Whether you have a waterfall or water column, these tips can help you keep it beautiful year-round.
When foam starts to build up in your water feature, the best cure is to use a hot tub de-foamer. Simply follow the manufacturer’s instructions and the foam will disappear.
Algae are caused by an imbalance of pH. Use a swimming pool test kit to monitor your pH and apply chemicals when needed. Also, a small quantity of outdoor pond algaecide every other week will do wonders.
A commonly asked question is what does one do to winterize a water feature? This depends on what type of water feature you have. Some water features are designed to run all year around. For those that aren’t it’s possible to simply shut them off or pull the pump from the system to avoid costly repairs during winter. If you encounter a hard freeze, you can remove ice when it’s blocking the pump or water outlets. A heater can also be installed in your pond for temporary use. For more advice contact your landscape service provider.
All water features lose water either by splash or by evaporation during the hot summer months. If your water feature is equipped with an Auto-fill Valve, adjust the time of fill according to the seasonal conditions.
A common concern with underwater pumps is cavitation; the sound of mud or air being sucked up by the pump. Cavitation usually occurs when the water level is too low. Unplug the pump and check the water feature for leaks. By turning off the pump, you can assume that if the water level still drops, a leak is the problem. If it doesn’t, then the water is probably being dispersed from the evaporation or splash. Also, check the pump for any debris that might be lodged in the motor.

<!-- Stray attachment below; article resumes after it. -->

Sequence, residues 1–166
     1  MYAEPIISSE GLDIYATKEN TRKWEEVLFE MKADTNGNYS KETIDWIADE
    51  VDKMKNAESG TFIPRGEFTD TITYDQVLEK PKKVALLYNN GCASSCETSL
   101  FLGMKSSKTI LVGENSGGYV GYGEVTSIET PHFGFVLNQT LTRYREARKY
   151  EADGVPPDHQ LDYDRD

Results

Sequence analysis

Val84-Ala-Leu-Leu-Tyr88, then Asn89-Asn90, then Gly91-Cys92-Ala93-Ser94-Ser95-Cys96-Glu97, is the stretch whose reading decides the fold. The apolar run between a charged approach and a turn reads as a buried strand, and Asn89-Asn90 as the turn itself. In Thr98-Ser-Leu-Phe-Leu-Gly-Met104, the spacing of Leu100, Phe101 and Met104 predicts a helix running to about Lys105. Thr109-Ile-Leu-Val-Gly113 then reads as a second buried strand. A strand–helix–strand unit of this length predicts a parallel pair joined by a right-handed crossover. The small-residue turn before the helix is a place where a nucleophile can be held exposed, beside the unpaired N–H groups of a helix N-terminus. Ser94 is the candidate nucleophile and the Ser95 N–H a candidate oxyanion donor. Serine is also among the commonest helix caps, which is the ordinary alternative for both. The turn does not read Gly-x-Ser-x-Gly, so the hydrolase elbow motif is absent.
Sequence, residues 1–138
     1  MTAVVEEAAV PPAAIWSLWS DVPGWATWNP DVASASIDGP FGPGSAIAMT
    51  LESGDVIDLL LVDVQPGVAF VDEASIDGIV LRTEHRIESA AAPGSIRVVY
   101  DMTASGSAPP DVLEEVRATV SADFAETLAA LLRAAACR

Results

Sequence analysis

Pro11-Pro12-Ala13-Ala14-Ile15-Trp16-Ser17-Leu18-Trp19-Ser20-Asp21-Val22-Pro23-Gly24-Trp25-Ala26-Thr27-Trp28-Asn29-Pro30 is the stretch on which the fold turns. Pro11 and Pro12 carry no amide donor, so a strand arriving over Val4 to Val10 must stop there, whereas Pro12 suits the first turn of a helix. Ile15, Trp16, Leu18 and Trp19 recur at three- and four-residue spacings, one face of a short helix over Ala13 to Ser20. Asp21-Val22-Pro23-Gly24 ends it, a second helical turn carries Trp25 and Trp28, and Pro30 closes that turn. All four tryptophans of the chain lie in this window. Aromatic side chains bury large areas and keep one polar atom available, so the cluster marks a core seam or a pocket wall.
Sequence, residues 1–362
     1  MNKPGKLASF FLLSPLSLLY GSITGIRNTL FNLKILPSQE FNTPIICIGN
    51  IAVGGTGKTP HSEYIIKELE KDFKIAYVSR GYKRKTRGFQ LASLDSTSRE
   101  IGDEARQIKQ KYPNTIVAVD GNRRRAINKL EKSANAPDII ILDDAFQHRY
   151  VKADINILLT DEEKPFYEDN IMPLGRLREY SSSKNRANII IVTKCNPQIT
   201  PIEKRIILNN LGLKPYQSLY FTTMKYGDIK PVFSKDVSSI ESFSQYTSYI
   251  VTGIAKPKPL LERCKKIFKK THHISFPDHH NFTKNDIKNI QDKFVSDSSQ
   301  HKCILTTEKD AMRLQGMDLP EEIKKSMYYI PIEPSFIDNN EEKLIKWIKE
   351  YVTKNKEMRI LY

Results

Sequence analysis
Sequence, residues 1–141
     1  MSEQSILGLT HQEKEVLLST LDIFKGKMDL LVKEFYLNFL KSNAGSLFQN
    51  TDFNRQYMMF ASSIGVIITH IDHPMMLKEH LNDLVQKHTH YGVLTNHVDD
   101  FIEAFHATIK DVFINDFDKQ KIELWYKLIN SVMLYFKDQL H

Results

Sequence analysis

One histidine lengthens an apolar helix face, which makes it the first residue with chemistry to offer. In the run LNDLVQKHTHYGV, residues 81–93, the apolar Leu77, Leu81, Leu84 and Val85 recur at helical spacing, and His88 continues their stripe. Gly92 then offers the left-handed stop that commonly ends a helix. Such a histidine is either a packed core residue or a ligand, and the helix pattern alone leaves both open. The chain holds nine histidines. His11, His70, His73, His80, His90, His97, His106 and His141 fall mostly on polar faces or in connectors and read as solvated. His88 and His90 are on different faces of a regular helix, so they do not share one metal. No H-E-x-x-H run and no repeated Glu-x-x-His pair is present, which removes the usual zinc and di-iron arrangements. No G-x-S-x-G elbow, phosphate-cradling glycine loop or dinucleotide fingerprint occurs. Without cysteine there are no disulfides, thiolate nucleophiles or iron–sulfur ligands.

Can fish be put in your pond? Yes and no. Fish need fresh water to survive, so a filter should be included with your pump to help clean the water. Fish will also add discoloration to the water and attract predators. Raccoons, possums, and blue herons will try to devour your fish and sometimes destroy the liners in the process.
If needed, your water feature can be drained and flushed out to ensure clean, clear water for everyone to enjoy. (Refer to your notes for your individual water feature.)
Your pavers are made of compressed concrete, which makes them very dense and almost impermeable to water. There are many colors, sizes, and shapes available to make unique patios, steps, and walkways.
Sand “interlocks” the pavers together and also serves as a base. The sand between the cracks can wash out from hosing or a very heavy rain. Ordinary sand can be swept back into the cracks to bring back the beauty. Using an upright broom or a push-broom, sweep back and forth at a forty-five degree angle. Polymeric sand can be applied to bond the cracks and prevent weed growth.
This is a chalky, white substance that can appear on some pavers. It is a chemical reaction between the lime in the concrete and the moisture in the ground. This is usually a temporary situation that can sometimes be removed simply be scrubbing with water and a stiff scrub brush. It will generally wear off over a period of time depending on the exposure.